death and all of his friends

I know I talk about death more than a 21-year-old probably should, and the subject of my dad is one on which I could talk for days, but these particular thoughts wouldn’t leave me alone as I tried to sleep before 7am today.  So here you go.

Warning: If you’re not up for reading something that deals with death, or uncomfortable with the concept and idea, then be forewarned — death is definitely mentioned extensively in this post.  However, it’s not JUST about death, so.  Do what you will.

Death is something I never really thought about extensively, despite being racked in my childhood with recurring dreams/nightmares about my grandmother and I floating along in this boat in a misty, blue-green place that seemed like a swamp, while discussing my mother’s death, usually culminating in the spirit of my mother or a ghost version of her sitting in the boat with us in the end.  I tended to try and forget those dreams upon waking, and while it never really worked, I still never got that depressed over them.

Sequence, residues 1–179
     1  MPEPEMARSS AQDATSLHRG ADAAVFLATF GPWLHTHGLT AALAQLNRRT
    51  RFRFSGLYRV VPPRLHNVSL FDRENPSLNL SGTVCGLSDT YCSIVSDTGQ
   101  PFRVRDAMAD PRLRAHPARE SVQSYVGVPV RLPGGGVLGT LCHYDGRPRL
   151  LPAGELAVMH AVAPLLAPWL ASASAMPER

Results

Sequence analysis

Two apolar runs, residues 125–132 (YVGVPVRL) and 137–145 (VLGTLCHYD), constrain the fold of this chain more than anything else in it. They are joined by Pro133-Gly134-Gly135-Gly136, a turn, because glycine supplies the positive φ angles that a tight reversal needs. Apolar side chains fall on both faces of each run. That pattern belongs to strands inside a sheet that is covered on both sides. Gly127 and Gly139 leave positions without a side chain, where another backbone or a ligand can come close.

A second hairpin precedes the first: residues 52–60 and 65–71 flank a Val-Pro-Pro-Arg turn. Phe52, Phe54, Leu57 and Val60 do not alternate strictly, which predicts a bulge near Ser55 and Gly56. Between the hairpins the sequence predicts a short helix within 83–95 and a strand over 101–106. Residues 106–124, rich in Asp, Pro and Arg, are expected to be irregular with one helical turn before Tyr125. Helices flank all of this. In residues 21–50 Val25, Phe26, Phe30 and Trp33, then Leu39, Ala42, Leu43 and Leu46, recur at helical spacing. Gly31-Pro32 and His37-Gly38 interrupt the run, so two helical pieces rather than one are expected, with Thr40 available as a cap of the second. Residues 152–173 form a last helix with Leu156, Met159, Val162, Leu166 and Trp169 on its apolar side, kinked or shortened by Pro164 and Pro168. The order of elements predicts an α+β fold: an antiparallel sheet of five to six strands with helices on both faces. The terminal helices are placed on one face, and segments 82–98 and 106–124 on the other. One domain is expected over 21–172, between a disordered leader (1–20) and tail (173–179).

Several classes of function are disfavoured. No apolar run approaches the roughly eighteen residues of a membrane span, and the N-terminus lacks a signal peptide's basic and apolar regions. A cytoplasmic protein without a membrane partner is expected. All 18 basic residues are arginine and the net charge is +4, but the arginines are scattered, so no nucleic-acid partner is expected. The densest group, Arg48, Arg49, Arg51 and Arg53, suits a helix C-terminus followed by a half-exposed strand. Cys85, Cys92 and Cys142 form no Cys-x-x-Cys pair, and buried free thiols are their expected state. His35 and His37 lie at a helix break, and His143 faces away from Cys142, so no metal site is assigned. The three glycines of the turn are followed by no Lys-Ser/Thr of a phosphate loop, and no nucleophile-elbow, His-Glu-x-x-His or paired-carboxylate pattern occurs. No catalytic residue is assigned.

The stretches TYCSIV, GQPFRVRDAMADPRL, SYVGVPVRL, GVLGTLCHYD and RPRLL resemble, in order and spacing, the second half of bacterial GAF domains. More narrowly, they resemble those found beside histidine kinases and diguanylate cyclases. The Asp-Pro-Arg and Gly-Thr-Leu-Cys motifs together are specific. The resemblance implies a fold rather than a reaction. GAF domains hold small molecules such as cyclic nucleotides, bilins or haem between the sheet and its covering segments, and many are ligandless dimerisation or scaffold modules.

However, I remember the moment I realized what exactly death was.  I was at one of the many funerals my dad’s side of the family frequently had (it seems like we were always attending a Tidmore or Dollar funeral) and staring at the body like you do (which is so weird to me, but that’s a story for another time).  I looked at the man’s hands and realized they were empty.  No blood flowing through the veins anymore.  And it made me cry for a few minutes before moving away and not thinking about it much afterward, except when I would attend another funeral and have to relive that.